performance, has to recognize the right of the person who
attached his property for the balance sale consideration.
26.     Coming to another Single Bench expression of this Court
in D.V.Narsimharao v. P.Ramayyamma , it was observed 
that though agreement for sale does not create any right,
title or interest in the property under Section 54 of the
Transfer of Property Act, it creates an interest in the
property by operation of second paragraph of Section 40 of
the Transfer of Property Act and this right prevails by
operation of Order 38, Rule 10 C.P.C. It referred section 64
C.P.C. saying the rigour imposed under Section 64 C.P.C.
does not prevail and the attachment before judgment does
not prevail over the contract for sale.  In fact, the Kerala
High Court ignored the correct law in  Narayanan Nair
(supra) in its saying the agreement holder in a contract for
specific performance has to recognize the attachment before
judgment of the holder of a suit claim to be decreed so far as
the non-payment of balance sale consideration to pass on
concerned, that is not at all discussed.  In fact, even from
close reading of Section 54 of the Transfer of Property Act
with Section 40 of the Transfer of Property Act, the equitable
enforceable right created in a contract for sale from the
executant denies execution or not coming forward is to
maintain a suit for specific performance, which is, in fact, a
discretionary relief, the Court can decree or not to decree
depending upon the facts of the case. Though, Section 10 of
the Specific Relief Act, particularly, from the explanation (1)
clearly shows in exercize of discretion by the Court in a
specific performance suit, the breach of a contract to
transfer cannot be adequately relieved by compensation of
money in respect of the immovable property. For the same,
as per Section 10(b) an adequate relief for non-performance
to compensate except as otherwise provided in the chapter
from other sections covered by Sections 9 to 25 including
Section 20 of the Act, the discretionary relief, subject to the
foundation including from the pleading laid down under
Section 16 of the Act.
27.     Coming to other expressions referred of the Madras
High Court in Veeraraghavayya v. Kamala Devi , wherein it
was observed that where a purchase is subsequent to the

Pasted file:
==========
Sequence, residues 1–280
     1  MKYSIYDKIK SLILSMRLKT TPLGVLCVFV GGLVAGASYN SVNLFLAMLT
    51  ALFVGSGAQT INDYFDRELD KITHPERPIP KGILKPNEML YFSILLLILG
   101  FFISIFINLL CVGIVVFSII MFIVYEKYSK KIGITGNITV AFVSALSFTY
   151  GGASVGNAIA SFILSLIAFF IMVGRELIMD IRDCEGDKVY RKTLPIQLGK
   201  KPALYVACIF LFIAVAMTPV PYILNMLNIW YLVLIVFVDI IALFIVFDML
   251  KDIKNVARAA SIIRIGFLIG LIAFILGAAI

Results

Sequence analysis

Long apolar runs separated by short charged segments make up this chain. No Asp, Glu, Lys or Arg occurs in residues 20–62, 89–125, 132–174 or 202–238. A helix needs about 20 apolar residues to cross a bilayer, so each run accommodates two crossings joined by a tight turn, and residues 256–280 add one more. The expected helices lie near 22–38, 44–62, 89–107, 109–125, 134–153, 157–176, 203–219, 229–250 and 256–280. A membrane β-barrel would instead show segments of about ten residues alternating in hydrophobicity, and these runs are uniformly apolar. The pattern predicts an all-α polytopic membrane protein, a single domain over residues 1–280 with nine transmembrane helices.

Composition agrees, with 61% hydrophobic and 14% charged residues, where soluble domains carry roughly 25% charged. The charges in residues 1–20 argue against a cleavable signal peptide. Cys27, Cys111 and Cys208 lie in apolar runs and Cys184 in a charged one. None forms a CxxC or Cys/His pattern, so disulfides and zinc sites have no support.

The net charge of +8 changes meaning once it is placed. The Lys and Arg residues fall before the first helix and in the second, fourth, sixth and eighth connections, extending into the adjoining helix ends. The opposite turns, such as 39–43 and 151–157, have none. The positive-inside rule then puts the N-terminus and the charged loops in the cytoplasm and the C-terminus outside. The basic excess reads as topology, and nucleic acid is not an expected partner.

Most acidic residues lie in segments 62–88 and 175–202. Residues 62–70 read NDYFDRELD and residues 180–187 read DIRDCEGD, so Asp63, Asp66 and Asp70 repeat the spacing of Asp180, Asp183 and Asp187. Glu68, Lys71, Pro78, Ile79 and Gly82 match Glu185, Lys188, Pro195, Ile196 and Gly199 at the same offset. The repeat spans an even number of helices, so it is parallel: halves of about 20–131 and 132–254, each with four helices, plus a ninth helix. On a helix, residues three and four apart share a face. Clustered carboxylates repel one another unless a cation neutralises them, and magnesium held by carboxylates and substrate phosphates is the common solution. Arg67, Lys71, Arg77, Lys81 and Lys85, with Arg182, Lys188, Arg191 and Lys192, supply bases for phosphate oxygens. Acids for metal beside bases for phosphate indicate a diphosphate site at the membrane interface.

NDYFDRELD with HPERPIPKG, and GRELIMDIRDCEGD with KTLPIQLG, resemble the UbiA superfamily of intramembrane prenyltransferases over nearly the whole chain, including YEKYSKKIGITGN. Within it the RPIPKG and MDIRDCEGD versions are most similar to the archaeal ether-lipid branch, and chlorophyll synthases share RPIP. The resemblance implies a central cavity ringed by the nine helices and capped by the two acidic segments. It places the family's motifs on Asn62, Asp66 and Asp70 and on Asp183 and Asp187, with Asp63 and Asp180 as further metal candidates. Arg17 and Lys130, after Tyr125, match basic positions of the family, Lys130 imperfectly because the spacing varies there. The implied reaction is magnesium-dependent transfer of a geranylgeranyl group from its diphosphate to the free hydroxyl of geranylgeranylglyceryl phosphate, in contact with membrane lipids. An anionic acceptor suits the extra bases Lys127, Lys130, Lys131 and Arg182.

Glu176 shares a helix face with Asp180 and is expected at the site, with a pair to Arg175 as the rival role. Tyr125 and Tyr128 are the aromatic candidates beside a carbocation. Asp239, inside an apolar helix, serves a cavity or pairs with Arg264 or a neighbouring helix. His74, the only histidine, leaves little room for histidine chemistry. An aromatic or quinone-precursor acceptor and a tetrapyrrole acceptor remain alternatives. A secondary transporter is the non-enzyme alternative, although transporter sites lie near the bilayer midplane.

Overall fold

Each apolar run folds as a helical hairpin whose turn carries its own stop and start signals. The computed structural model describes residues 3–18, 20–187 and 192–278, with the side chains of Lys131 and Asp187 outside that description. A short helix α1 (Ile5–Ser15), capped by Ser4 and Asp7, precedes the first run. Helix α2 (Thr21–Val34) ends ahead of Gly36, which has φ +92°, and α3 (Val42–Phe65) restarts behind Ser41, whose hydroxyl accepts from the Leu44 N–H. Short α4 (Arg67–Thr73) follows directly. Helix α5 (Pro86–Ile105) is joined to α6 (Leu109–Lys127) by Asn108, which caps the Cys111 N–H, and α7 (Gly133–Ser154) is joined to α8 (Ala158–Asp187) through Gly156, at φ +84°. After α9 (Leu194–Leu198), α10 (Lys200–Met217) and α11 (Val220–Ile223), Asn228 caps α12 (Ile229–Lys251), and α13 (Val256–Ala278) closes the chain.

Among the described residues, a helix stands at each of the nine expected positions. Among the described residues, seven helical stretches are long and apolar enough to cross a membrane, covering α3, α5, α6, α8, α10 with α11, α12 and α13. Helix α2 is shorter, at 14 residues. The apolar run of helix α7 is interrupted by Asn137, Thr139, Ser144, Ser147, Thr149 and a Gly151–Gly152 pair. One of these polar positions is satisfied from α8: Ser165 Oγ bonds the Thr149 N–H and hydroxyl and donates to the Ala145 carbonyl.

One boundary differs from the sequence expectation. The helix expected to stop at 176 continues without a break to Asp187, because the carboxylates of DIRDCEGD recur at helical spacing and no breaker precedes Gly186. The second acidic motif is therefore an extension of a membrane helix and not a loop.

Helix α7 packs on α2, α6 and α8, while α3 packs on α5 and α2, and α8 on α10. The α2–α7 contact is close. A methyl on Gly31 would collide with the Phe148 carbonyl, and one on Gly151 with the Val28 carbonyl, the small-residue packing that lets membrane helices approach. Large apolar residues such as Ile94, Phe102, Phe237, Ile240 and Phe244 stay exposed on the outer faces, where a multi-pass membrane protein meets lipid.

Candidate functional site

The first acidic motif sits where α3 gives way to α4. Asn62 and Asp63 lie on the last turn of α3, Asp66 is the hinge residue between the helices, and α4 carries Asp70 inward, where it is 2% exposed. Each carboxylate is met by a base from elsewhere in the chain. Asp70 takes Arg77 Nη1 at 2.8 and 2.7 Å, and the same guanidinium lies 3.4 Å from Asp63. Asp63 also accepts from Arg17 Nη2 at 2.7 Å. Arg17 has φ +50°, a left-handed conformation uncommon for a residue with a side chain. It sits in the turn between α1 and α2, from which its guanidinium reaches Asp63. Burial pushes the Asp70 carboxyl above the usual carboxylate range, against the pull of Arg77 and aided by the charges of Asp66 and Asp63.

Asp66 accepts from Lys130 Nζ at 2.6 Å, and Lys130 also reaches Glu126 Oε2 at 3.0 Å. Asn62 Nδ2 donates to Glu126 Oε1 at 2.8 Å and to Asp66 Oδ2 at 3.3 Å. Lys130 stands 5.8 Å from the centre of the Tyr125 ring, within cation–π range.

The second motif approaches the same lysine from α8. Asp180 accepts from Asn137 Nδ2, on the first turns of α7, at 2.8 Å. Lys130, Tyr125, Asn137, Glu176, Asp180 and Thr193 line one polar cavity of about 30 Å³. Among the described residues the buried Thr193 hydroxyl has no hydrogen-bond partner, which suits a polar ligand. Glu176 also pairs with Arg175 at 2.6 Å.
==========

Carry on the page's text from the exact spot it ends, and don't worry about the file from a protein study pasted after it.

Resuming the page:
attachment, but the agreement in pursuance of which the
purchase is made, is prior to attachment, the purchase
prevails against the attachment.
28.     No doubt, in the case on hand, the suit O.S.No.40 of
2012 (255 of 2012) for specific performance in favour of
R.Satish Kumar against P.Supraja was on contest decreed and  
the Court executed registered sale deed, which is pursuant to
the non-possessory unregistered sale agreement dated 
28.02.2010 earlier to the filing of the suit for recovery of
money and attachment before judgment affected in 2010, to
say, though the sale deed executed through the Court in a
decree for specific performance is subsequent in point of
time to the attachment traced back to the sale agreement
prior to the attachment before judgment that can prevail.
However, had it been the money decree holder, who sought
the attachment impleaded in the suit for specific
performance,  it could be different it was not done and
against the money decree, no third party appeal even filed.
29.     The other judgment of the Madras High Court in Rebala
Venkata Reddi v. Yellappa Chetti  referred the same view
and the subsequent Single Bench of the Madras High Court in
Diravyam Pillai v. Veeran Ambalam , the observation
particularly at page 831 referred was the question is not
whether any interest has passed under the contract for sale
but the attaching decree holder attaches not the physical
property, but only the rights of the judgment-debtor in the
property. Even from this, once there is a right of the
judgment debtor in the property attached, which is subject
to the prior sale agreement, it is for the unpaid purchase
money there is a right what is remained as on the date of
attachment. 
30.     Though, a contract for sale, does not having regard to
the terms of Section 54 of the Transfer of Property  Act,
create any interest in or charge on the property, it does give
rise to an obligation which limits the right of the judgment-
debtor and the attachment of the right, title and interest of
the judgment-debtor is subject to any such limitation by
which the judgment-debtor was bound. Therefore, where